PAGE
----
Hate crimes against minorities have seen a spike in India

Bijay Kumar Minj

India has become increasingly intolerant towards religious minorities, especially the Muslim community, according to a new report.

The South Asia State of Minorities Report 2020 noted that the general public has come under attack from federal and state governments for criticizing the administration and institutions.

The report looks at the status of access to personal liberties, especially among minorities, in Afghanistan, Bangladesh, Bhutan, India, Nepal, Pakistan and Sri Lanka.

“It is true that we minorities are facing the onslaught of the Narendra Modi government very systematically. As a matter of fact, they have started framing laws that are against the spirit of secularism, democracy and the republic,” A.C. Michael, national coordinator of the United Christian Forum, told UCA News.

“Have you ever heard of a case anywhere in the world where two adults are stopped from getting married by the police? This is what is happening in Uttar Pradesh these days. The Uttar Pradesh police have filed almost two dozen first instance reports against interfaith marriages specifically targeting Muslims.

“Spreading hatred against minorities has become like a fashion for ruling party politicians to remain in power and acquire more. If they continue to succeed in tricking ordinary citizens and win elections, this trend of violence against minorities is going to continue.”

According to the report, “hate crimes against minorities have seen a spike — taking the form of mob lynching and vigilante violence against Muslims, Christians, and Dalits.”

The report said the pro-Hindu Bharatiya Janata Party (BJP) has “unveiled a new and now frontal attack on religious minorities. The persecution towards minorities had a chilling effect on civic space for Muslims and their organizations.”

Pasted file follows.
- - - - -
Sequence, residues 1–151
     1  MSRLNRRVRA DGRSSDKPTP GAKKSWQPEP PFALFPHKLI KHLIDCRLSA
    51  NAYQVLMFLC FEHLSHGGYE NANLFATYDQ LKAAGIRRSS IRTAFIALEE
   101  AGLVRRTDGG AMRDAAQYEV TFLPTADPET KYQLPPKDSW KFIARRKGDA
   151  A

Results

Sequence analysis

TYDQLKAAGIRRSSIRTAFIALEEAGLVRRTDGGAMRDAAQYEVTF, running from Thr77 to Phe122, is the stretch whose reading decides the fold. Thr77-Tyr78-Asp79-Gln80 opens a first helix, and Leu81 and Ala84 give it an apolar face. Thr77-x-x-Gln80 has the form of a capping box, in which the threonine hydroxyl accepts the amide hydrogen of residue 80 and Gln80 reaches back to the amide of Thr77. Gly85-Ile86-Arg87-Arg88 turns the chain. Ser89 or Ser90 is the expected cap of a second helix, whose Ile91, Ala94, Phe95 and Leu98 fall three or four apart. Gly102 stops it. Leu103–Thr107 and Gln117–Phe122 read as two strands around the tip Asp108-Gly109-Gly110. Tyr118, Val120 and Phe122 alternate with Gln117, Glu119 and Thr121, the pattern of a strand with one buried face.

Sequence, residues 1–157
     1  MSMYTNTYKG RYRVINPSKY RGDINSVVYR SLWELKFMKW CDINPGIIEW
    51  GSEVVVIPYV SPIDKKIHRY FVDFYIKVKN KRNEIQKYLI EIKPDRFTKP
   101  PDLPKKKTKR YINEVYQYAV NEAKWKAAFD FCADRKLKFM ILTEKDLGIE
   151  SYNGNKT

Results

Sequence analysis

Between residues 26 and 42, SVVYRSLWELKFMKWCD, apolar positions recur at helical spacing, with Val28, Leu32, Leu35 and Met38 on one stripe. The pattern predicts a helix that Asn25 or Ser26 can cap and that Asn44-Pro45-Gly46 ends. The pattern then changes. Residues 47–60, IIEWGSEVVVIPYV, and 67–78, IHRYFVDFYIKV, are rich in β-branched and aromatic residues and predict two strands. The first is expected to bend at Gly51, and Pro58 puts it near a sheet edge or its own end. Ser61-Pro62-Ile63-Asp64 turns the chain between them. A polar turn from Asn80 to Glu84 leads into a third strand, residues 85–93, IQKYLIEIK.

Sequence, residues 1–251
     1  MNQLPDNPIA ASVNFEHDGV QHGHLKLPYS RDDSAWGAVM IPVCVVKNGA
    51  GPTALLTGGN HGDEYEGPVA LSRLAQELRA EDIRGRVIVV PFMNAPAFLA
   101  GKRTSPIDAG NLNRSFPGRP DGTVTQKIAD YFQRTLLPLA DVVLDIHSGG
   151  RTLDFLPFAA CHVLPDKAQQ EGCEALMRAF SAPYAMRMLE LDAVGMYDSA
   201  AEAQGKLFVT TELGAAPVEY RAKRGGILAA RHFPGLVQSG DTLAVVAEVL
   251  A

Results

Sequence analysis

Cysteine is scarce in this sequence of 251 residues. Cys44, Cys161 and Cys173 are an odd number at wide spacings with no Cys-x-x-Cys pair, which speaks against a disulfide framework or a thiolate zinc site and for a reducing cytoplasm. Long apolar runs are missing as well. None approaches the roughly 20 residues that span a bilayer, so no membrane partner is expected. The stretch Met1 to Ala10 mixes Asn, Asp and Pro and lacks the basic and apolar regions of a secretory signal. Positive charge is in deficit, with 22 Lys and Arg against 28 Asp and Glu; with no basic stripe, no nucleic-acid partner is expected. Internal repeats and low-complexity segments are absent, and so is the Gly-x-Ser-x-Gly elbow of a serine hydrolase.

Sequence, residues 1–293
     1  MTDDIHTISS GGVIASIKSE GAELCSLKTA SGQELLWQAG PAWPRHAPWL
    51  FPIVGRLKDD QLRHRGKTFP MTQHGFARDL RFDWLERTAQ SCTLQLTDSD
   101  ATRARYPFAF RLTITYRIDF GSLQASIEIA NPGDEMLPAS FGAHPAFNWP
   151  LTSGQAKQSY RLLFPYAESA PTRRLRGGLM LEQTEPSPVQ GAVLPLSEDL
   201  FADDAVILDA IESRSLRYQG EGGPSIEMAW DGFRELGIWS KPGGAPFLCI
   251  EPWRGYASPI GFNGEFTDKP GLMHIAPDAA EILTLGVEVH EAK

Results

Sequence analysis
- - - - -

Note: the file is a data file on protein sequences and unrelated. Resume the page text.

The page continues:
The BJP has strengthened and expanded a series of discriminatory laws and measures that target religious minorities that include anti-conversion laws, social exclusion and violence against Christians, Muslims and other religious minorities.

The report also said that “laws ostensibly meant for the protection of cows continue to provide institutional backing for similar campaigns against Muslims and Dalits.”

In 2019, the federal government passed the controversial Citizenship Amendment Act (CAA), which allowed it to grant citizenship to migrants from Afghanistan, Bangladesh and Pakistan who are Hindu, Sikh, Buddhist, Jain, Parsi or Christian and had arrived by December 2014. However, the CAA was not extended to Muslims from the three Muslim-majority countries.

The government’s logic is that these minority groups are escaping persecution in Muslim-majority nations. However, the logic is not consistent — the bill does not protect all religious minorities, nor does it apply to all neighboring states.

Ahmadi Muslims and even Shias face discrimination in Pakistan. Rohingya Muslims and Hindus face persecution in Myanmar, as do Hindu and Christian Tamils in Sri Lanka.

The government responded that Muslims can seek refuge in Islamic nations but has not answered other questions.

The report also noted anti-CAA protests in Delhi culminated in sectarian violence in February, claiming more than 50 lives in the national capital.

The Covid-19 pandemic was also laced with widespread Islamophobia after the Muslim Tablighi Jamaat gathering in Delhi’s Nizamuddin area became a coronavirus hotspot in March.

A new anti-conversion law passed in the northern state of Uttar Pradesh this month has been dubbed Islamophobic by critics for targeting Muslim men involved in so-called “love jihad.”

Bijay Kumar Minj is a New Delhi based journalist and photographer. He has worked with UCANews for over two decades producing reports, pictures, and video features. Bijay specializes in socio-religious issues, particularly affecting indigenous communities.

Courtesy: Union of Catholic Asian News

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